The XENON Project
The XENON Project is a series of experiments first proposed by Elena Aprile in 2001 which uses liquid noble time projection chambers as dark matter detector.
The first part of the project XENON10 contained about 10kg of xenon. It was soon followed by a 100kg scale detector, XENON100. The next step, a ton scale detector, XENON1T, is currently under construction, while the project has already been extended to include a fourth step, a multi-ton scale detector called XENONnT.
All detectors were or are located in the Laboratori Nazionali del Gran Sasso (LNGS), an particle physics laboratory located under the Gran Sasso mountain in Italy at a depth of 1.4km or 3600 mwe (meter water equivalent).
The XENON10 detector, shown in Figure 2, was the first and smallest phase of the XENON Project and the first experiment to use liquid xenon in attempts to detect dark matter. It developped extremely fast and released its first result in 2007, reaching the world best limit on dark matter searches at the time (WIMP-nucleon cross section of ) and establishing liquid noble detectors as a viable technology for dark matter searches.
XENON100 was built between 2007 and 2009, at which point it started taking data. Several world best limits were released in 2010, 2011 and 2012 (best limit on the WIMP-nucleon cross section at ), unfortunately without significant signal above the expected background, indicating no sign of dark matter yet. However, these results probed a significant chunk of the parameter space where dark matter is thought to be.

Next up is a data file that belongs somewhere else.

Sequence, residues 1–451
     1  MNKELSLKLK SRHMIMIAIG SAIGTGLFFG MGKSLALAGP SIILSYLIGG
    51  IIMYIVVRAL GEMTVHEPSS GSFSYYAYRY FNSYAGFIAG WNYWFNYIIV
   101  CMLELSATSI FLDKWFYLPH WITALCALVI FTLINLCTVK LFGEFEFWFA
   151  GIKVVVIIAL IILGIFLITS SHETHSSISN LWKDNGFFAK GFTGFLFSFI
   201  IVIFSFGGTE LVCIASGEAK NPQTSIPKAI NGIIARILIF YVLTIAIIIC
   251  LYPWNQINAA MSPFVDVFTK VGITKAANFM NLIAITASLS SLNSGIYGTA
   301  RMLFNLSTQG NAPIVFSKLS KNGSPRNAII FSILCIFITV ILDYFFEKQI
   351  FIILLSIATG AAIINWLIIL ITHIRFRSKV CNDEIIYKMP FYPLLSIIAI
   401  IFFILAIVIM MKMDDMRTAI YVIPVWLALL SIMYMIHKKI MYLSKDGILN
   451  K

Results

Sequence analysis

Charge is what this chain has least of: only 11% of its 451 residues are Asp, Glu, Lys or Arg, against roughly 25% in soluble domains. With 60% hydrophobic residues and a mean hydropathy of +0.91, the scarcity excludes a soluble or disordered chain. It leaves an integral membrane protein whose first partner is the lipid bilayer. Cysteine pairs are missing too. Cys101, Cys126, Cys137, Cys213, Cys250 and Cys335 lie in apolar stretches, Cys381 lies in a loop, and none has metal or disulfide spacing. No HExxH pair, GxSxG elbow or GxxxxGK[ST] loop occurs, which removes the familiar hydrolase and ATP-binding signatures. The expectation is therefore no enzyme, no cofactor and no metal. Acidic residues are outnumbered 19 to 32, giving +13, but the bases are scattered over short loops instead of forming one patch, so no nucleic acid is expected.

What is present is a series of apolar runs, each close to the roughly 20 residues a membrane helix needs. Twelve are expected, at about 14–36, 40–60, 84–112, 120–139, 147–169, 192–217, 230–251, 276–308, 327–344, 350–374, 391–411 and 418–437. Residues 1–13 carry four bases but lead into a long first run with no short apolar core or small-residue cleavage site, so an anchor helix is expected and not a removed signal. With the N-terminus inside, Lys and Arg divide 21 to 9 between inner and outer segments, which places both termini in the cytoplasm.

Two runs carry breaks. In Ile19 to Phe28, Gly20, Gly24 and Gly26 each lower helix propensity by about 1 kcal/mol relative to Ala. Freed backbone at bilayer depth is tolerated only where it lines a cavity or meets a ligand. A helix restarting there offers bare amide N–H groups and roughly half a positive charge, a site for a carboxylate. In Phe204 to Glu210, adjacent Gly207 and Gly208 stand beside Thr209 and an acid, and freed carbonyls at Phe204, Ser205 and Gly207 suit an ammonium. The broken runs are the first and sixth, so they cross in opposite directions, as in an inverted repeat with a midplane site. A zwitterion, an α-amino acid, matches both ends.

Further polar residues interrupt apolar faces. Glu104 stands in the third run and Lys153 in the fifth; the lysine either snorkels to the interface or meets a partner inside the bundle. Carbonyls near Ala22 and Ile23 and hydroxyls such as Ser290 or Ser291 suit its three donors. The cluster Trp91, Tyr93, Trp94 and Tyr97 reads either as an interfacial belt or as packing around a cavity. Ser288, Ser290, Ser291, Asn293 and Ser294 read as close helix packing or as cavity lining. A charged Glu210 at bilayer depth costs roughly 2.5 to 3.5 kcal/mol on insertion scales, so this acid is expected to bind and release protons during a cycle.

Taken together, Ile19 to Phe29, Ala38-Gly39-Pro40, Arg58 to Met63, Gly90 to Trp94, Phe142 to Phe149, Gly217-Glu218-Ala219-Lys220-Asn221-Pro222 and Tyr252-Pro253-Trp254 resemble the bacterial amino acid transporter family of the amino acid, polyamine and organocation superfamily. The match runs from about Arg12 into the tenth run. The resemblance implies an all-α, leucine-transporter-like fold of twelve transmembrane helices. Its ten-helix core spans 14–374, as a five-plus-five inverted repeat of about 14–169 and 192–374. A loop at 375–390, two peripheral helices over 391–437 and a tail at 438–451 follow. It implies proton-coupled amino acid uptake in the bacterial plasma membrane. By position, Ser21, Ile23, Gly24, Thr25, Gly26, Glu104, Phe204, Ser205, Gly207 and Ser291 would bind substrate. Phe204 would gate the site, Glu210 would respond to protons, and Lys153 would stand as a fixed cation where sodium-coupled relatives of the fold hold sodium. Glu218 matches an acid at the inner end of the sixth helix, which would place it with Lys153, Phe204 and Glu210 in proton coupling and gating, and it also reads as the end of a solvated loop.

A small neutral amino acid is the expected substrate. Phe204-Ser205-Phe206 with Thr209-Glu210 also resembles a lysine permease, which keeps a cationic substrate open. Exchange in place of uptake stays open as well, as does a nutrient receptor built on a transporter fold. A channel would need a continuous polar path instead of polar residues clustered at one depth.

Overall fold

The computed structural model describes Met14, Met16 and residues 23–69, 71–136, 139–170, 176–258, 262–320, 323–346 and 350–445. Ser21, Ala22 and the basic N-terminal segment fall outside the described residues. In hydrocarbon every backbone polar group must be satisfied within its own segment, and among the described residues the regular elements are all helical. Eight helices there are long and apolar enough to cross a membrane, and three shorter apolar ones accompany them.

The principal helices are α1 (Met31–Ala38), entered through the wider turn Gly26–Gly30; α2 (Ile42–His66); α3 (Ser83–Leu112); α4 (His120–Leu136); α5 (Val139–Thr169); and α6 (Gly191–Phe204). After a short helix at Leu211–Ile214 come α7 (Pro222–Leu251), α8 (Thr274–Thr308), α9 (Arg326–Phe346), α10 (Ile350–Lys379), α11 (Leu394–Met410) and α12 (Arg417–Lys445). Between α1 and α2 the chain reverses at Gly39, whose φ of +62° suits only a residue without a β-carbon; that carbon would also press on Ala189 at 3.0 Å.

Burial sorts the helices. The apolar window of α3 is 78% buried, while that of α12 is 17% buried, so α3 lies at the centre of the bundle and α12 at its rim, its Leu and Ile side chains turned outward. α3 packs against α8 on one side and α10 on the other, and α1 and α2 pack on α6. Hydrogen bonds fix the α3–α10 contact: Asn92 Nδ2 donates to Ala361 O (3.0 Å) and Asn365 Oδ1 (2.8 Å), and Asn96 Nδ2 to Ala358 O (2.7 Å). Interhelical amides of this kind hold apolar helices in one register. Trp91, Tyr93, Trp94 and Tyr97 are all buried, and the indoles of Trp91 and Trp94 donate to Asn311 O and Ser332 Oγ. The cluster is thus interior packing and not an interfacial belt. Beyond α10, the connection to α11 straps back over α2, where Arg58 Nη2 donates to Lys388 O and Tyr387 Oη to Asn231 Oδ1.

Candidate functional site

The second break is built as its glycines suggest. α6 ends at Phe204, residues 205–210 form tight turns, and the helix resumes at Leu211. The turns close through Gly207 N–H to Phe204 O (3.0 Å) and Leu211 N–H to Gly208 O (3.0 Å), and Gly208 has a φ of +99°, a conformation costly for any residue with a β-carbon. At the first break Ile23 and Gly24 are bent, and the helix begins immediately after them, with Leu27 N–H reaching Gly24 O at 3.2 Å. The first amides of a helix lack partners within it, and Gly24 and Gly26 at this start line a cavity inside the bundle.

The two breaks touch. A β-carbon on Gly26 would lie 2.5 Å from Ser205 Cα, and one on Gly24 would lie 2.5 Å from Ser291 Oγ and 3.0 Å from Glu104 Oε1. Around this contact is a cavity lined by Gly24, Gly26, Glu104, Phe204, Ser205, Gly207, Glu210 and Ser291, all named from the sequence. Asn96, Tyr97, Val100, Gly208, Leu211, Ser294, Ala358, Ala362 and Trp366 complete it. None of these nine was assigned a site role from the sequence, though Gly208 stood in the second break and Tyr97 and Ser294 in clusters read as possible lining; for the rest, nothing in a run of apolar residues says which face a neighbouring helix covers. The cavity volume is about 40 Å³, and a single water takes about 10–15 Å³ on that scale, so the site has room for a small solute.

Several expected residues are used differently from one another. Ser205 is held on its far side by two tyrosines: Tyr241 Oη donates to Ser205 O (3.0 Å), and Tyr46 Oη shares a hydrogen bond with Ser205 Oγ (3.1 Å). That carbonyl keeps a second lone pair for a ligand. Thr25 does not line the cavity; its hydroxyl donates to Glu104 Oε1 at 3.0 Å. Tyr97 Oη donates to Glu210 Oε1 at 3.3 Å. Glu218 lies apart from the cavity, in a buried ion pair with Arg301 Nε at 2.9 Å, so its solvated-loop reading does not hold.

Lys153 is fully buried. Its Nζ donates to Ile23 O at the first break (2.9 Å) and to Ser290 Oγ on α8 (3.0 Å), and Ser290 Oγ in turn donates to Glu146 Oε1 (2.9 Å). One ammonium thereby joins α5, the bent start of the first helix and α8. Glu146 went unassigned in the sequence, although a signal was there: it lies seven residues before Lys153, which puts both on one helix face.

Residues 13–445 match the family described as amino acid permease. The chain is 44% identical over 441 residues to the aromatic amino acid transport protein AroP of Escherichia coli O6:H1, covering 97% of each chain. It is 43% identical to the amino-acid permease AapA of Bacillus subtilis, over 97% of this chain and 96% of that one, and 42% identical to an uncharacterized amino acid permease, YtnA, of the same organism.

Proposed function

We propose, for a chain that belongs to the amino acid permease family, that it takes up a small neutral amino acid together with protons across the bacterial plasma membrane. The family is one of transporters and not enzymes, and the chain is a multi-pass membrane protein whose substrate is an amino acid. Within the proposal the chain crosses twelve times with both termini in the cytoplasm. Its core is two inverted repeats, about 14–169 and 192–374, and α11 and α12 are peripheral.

Although XENON100 has now reached its scientific goal and is primarily used as an R&D tool for the upcoming XENON1T experiment, there is still a considerable amount of data that is being or still remains to be analyzed.
Here is a recap of XENON100 most important Scientific Results (from the most to least recent):
- The first axion results produced by XENON100: 2014-09-09: First Axion Results from the XENON100 Experiment, arxiv:1404.1455, cite as: E. Aprile et al. (XENON100), Phys. Rev. D 90, 062009
- Limits on spin-dependent WIMP-nucleon cross sections from 225 live days of dark matter data: 2013-07-09: Limits on spin-dependent WIMP-nucleon cross sections from 225 live days of XENON100 data, arXiv:1301.6620, cite as: E. Aprile et al. (XENON100), Phys. Rev. Lett. 111, 021301 (2013)
- Main dark matter results after 225 blind live days of dark matter data: 2012-07-25: Dark Matter Results from 225 Live Days of XENON100 Data, arXiv:1207.5988, cite as: E. Aprile et al. (XENON100), Phys. Rev. Lett. 109, 181301 (2012), arXiv:1207.5988
- XENON100 data analysis of inelastic dark matter: 2011-04-15: Implications on Inelastic Dark Matter from 100 Live Days of XENON100 Data, arXiv:1104.3121 cite as: E. Aprile et al. (XENON100), Phys. Rev. D 84, 061101 (2011)
- Results from 100 live days of XENON100: 2011-04-13: Dark Matter Results from 100 Live Days of XENON100 Data, arXiv:1104.2549 cite as: E. Aprile et al. (XENON100), Phys. Rev. Lett. 107, 131302 (2011)
- First results from XENON100: 2010-05-11: First Dark Matter Results from the XENON100 Experiment, arXiv:1005.0380 cite as: E. Aprile et al. (XENON100), Phys. Rev. Lett. 105, 131302 (2010).
XENON1T is the ongoing phase of the XENON project. Its construction started in 2014 and is now nearly complete, with only the TPC missing. XENON1T is on schedule to take science data at the end of 2015. With its 1 ton fiducial volume of liquid xenon and a much lower background, this detector has a very strong discovery potential with a projected sensitivity improved by a factor 100 (projected WIMP-nucleon cross section limit of ).
The Detector Principle